Stories Never to be Forgotten

Eyewitness Accounts from the Salvadoran Civil War
Ralph Sprenkels
Stories Never to be Forgotten cover

Description

Translated from the Spanish by Francisco Jiménez.

Stories Never to Be Forgotten tells the extraordinary stories of five young people who were separated from their families as children during the Salvadoran Civil War (1980-1992) and reunited with them once peace was established again. The protagonists are some of the first teenagers found by the Pro-Búsqueda Association of Disappeared Girls and Boys.

"Through these transparent accounts, in a frank and direct style, these young people have given us something new and astonishing: a unique and remarkable experience. The truths in these stories are shocking, and they reflect a reality that many people are unaware of or refuse to accept. Stories Never to be Forgotten clearly demonstrates that the present does not exist without history. This is true for these young people, for [their] country, and for the present that we are trying to build.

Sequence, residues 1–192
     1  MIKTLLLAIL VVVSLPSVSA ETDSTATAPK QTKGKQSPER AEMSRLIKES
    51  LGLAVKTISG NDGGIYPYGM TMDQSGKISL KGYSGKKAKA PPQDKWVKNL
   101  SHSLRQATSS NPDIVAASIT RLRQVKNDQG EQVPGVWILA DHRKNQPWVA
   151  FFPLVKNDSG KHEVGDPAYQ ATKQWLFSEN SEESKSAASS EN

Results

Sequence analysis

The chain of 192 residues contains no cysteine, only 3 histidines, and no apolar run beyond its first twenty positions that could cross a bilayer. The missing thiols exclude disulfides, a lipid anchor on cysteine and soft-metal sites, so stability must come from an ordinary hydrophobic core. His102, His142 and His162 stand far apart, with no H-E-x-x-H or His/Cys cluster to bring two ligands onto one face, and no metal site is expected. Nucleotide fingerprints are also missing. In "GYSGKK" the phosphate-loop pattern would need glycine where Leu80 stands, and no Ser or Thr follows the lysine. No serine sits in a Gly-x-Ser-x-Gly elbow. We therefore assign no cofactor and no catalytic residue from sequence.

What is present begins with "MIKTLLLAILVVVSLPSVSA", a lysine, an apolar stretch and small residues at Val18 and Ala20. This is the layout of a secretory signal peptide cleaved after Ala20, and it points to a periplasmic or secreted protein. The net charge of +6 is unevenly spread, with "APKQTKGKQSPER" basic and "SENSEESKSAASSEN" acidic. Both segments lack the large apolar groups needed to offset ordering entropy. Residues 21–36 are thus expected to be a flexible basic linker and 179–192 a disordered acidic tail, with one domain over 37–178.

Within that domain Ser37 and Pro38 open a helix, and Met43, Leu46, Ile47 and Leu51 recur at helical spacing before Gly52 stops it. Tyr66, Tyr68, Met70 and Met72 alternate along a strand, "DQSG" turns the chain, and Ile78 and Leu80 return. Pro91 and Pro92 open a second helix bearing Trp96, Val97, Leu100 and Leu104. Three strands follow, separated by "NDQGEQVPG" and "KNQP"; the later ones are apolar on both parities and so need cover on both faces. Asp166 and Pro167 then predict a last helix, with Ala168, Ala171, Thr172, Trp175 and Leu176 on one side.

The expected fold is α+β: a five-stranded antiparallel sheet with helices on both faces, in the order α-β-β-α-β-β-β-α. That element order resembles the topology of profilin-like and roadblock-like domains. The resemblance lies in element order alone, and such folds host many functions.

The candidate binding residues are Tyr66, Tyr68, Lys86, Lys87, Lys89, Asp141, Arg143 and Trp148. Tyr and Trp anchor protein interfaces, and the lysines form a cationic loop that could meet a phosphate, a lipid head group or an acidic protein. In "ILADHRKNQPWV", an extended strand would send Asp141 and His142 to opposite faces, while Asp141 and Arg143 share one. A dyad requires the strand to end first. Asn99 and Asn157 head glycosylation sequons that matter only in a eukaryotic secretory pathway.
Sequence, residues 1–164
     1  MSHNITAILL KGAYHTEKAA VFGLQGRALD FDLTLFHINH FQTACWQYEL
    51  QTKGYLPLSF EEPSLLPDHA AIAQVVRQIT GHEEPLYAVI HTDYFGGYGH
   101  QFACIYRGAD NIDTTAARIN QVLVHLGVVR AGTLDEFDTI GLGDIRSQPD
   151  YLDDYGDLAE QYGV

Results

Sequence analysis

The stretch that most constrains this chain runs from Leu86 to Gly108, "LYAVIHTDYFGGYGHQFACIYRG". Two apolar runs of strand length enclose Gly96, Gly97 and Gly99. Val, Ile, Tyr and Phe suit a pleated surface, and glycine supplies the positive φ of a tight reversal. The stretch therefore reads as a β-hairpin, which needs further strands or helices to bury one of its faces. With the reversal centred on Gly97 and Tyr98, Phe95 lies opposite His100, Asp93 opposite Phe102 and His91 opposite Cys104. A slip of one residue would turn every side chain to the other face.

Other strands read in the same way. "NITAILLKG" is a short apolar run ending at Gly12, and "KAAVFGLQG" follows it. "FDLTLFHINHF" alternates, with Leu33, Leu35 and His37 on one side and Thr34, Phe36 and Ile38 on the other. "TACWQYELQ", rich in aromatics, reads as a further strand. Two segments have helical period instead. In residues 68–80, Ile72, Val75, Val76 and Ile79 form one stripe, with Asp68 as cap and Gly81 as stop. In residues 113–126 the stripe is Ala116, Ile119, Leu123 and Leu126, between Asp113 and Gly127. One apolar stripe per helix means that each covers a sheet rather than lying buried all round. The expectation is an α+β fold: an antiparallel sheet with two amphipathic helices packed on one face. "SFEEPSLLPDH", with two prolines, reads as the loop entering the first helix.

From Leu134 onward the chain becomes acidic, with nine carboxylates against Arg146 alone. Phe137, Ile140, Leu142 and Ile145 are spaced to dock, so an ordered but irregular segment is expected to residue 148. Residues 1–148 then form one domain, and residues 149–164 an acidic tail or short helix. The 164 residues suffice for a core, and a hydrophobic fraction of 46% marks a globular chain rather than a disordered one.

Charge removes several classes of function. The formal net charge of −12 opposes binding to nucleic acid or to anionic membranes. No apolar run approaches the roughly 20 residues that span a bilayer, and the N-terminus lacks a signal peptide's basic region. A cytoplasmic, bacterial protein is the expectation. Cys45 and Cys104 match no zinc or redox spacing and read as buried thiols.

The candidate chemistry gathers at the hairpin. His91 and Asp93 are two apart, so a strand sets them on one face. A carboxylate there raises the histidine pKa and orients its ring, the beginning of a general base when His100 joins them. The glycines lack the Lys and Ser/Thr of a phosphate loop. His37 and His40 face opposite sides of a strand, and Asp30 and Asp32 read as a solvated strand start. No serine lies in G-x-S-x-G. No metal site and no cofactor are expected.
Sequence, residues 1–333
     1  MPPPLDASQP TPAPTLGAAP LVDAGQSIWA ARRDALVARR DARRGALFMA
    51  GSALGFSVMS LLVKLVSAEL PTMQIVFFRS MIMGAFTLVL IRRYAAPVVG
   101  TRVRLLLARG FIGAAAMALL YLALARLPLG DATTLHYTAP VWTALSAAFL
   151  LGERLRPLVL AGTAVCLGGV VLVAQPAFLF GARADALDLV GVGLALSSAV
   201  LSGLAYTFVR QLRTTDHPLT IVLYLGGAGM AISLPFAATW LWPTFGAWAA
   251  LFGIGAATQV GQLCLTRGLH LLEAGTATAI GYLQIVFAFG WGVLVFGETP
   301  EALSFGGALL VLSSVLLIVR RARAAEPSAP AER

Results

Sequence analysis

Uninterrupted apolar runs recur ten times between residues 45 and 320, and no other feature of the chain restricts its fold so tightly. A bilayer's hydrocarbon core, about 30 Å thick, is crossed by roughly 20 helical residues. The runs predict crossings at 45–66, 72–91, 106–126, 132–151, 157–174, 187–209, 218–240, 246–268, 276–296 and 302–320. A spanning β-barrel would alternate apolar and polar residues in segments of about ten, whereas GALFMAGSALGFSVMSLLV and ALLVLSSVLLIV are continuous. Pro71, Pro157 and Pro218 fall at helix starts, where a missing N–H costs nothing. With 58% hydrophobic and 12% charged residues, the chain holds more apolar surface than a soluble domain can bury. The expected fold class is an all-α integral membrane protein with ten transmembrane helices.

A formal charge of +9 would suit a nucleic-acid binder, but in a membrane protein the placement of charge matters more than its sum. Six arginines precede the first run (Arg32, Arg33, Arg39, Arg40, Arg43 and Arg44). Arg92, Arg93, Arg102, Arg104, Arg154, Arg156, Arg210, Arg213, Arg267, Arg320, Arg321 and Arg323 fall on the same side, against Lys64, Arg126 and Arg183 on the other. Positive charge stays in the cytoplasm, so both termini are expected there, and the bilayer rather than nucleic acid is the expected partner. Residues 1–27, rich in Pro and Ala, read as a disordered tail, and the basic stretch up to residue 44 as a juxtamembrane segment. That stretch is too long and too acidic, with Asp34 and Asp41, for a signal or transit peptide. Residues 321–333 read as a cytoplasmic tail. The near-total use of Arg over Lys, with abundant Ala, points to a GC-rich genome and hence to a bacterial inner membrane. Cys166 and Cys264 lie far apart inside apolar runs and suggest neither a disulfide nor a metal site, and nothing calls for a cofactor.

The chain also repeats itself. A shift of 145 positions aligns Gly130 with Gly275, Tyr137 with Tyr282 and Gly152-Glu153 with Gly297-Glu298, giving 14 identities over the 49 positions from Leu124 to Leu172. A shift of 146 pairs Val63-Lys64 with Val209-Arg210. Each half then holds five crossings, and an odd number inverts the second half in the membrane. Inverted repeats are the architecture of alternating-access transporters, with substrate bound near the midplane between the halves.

"Above all, this book inspires much more than it saddens. It affirms young people's strength, creativity, and capacity to struggle and move forward."

Jon de Cortina, SJ (1934-2005), founder of Pro-Búsqueda

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About the Author

Ralph Sprenkels is a political anthropologist with a PhD in Conflict Studies and Anthropology from Utrecht University. His publications include various books and articles on politics and human rights in El Salvador. He coordinates a program called Democratic Dialogue for Environmental Security that the Netherlands Institue for Multiparty Democracy is presently codeveloping in Latin America.

Francisco Jiménez received his BA from Santa Clara University and PhD in Latin American literature from Columbia University. He has authored and edited several books on Mexican and Mexican American literature. His most recent work, Taking Hold, is the fourth book in his award-winning memoir series. He holds honorary degrees from De Anza College and the University of San Francisco and is currently the Fay Boyle Professor in the Department of Modern Languages and Literataures at Santa Clara University.